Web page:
Reitman knew he would need Winslet’s remarkable talent; the source material demanded it. He says, “The book is brutal. You hear the backstory of these two characters, and it’s brutal. And I was thinking, How do you tell that cinematically and not have the audience running for the doors?”
For one thing, he kept his actors on edge and asked them not to rehearse. Says Winslet: “We literally didn’t know what was going on in Jason’s head, what he was going to ask of us each day and ultimately as characters what was going to happen next.” He kept a tight leash on them, she adds. “He would say, ‘No, I need you to take one step forward, wait two beats and then look at the door.’ I’ve never worked to that degree of specificity in my life.”
Reitman had a personal affinity for Labor Day too. The film is told through the eyes of a boy in middle school in the 1980s who spends much of his time with his mother. Reitman, who has two younger sisters, was frequently the only man in the house during the heady heyday of the Walkman and Teenage Mutant Ninja Turtles. His father, the director Ivan Reitman, spent much of Jason’s youth making blockbusters like Ghostbusters and Kindergarten Cop. The younger Reitman initially had his sights set far from Hollywood and the family business. (His mother and his sister Catherine are both actors.) He started college as a premed student and planned to become a therapist. But then he transferred to USC to study creative writing. One thing led to another, and by age 24, he was adapting Up in the Air and directing TV commercials to pay the bills. By 2009, that movie, his third feature, was out, earning him his second Oscar nomination for Best Director.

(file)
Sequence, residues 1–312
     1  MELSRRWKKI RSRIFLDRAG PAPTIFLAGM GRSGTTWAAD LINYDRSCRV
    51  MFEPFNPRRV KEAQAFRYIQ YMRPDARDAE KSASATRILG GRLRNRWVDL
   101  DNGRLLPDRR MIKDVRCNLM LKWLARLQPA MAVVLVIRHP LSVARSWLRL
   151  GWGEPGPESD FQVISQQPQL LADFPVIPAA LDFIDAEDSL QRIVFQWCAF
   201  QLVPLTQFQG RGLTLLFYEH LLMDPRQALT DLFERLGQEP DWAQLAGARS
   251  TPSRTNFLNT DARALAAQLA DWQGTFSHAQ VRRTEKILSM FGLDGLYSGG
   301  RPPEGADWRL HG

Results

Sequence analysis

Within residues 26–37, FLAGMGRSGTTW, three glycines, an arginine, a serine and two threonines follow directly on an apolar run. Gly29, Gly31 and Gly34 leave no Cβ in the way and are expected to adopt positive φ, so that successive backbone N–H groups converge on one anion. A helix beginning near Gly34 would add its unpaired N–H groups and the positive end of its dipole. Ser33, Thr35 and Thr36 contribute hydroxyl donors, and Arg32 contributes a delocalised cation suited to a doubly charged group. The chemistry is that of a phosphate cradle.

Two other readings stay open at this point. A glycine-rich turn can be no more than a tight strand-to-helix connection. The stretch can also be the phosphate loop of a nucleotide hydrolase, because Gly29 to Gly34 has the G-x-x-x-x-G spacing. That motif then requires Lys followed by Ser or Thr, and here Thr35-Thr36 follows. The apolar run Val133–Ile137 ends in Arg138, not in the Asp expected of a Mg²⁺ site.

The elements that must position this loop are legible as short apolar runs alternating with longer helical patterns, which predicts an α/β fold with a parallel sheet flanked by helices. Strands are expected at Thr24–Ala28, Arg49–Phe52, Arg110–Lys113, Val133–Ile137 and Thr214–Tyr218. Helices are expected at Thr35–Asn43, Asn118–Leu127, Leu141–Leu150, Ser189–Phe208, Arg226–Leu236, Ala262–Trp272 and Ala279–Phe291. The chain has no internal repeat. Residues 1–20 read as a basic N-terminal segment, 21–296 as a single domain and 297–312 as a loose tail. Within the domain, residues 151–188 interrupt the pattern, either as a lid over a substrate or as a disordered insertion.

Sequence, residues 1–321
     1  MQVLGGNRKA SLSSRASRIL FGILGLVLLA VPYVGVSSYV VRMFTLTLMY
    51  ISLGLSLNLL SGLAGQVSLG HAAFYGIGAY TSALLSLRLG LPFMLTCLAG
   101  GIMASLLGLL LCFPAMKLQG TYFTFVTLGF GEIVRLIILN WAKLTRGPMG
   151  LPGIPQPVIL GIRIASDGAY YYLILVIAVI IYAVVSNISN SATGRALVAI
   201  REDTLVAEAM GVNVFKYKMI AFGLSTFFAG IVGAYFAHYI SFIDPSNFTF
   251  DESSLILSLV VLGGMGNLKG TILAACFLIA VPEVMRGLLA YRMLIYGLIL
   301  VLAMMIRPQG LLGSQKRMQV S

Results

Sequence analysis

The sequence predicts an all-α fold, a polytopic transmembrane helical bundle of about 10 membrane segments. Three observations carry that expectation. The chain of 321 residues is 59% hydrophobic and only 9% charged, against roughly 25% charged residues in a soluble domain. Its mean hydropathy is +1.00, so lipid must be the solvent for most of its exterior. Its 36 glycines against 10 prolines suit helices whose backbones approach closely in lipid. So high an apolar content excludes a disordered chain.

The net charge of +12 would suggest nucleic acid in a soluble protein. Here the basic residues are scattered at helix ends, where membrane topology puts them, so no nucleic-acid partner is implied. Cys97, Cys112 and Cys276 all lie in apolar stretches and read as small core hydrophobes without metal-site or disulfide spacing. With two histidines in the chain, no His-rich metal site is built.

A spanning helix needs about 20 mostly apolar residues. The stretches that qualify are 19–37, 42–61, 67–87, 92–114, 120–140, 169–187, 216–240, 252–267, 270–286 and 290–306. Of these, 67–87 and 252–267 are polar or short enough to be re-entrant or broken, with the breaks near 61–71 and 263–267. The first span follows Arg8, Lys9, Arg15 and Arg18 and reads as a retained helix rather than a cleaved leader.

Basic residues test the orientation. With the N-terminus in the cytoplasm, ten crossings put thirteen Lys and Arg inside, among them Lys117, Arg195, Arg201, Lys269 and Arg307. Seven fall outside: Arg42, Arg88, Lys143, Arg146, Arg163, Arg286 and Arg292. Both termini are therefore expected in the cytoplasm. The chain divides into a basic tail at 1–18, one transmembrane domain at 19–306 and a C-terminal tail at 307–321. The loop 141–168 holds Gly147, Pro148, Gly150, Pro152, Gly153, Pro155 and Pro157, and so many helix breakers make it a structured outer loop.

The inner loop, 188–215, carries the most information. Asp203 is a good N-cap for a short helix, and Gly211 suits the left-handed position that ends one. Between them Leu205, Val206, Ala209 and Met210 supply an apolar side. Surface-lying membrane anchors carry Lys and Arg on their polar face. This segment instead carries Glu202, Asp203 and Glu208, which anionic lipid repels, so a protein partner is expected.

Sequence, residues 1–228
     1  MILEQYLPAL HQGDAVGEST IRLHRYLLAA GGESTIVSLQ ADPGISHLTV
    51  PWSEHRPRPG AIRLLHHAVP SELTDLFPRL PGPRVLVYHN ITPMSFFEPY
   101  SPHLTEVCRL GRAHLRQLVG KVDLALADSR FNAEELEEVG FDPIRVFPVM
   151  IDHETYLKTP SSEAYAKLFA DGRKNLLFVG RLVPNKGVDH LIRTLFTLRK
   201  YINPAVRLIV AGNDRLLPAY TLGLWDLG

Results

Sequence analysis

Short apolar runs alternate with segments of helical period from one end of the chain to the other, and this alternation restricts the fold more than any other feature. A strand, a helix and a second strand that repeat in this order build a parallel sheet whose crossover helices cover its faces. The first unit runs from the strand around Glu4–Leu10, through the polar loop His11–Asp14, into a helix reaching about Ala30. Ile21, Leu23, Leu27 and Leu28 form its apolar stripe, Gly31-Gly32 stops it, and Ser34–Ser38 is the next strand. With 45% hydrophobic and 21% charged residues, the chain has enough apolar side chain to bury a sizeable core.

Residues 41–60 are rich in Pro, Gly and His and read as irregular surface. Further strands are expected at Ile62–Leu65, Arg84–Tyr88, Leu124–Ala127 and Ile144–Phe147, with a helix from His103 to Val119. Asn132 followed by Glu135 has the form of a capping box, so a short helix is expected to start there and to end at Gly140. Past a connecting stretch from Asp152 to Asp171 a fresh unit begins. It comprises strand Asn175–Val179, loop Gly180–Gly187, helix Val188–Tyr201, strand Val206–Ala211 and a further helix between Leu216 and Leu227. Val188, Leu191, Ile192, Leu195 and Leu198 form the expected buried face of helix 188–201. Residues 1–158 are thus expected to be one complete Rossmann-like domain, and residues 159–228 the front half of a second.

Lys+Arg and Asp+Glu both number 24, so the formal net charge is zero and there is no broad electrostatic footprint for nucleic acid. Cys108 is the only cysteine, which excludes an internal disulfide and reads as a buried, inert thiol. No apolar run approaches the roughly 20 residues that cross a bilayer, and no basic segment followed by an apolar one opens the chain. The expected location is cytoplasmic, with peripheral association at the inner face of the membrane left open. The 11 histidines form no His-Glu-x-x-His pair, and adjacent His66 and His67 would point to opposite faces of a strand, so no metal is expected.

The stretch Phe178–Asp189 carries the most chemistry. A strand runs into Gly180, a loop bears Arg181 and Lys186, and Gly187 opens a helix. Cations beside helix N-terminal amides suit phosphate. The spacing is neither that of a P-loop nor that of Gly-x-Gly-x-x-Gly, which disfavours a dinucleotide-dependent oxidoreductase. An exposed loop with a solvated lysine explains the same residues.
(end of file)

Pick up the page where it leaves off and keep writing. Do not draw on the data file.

But there’s a little bit of the therapist left in Reitman. “When I first meet people, I tend to approach them as if I were a psychologist,” he says. “I try to hit them with a ton of questions, to figure out what they are.”
Reitman and I are in the middle of our interview, but he’s weary after talking up Labor Day. “I’m doing this [interview], I think, to make people go see the movie in the first place. And I’m not sure I’m doing a good job of it.” Besides, when we meet, he’s on set in Austin, thick in the process of shooting Men, Women & Children, an adaptation of Chad Kultgen’s novel starring Adam Sandler and Rosemarie DeWitt. Labor Day is a memory.
So we break for an amateur consultation. He takes down my basic biographical information: age, schooling, employment history. Then he asks me, innocuously, who will win the Super Bowl. I explain, rather discursively, why I like the Carolina Panthers (who would be eliminated four days later). They were surging, stout on defense, the streaking surprise of the regular season, mysterious and intriguing. The Seattle Seahawks had been that kind of team last year, I said, but they no longer had the same flair.
Reitman springs to action: “You just revealed something really interesting about yourself. This is my first note on you. And this is what’s going to make your life difficult. This goes into you being a reporter, a writer, an observer of life. You want people, things, teams to reveal themselves as different than they are … And you’re disappointed when they’re not. And that’s going to be really tough in life. Because people inevitably stop revealing themselves as something different than they are, at some point. And that’s going to bore you. And there are going to be things that you’ll have to stay interested in in life that won’t reveal themselves any further.”
“Do you have that at all?” I ask.
“F-ck off!” he retorts. “Don’t try to flip this on me!”
Reitman will allow that his life has changed in recent years. He and his wife divorced in 2011 after nearly seven years of marriage. After making fun of it for a long time, he became obsessive about yoga and dropped nearly 30 lb. (13.5 kg). He has spent three months in Austin working on the new movie and feels at home away from L.A. “I could easily buy a place here and live here,” he says. “I think it’s heavenly.”
But Reitman prefers to perform the therapy himself and from behind the camera. “I used to be focused on comedy and asked for more like laughs from a viewer,” he says. “But now I want, How do I make you feel uncomfortable in a really interesting way? How do I make you feel like you’re looking in the mirror? If I do that right, then I’m pretty happy. It should be a painful experience in a really good way.”
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Write to Jack Dickey at email@example.com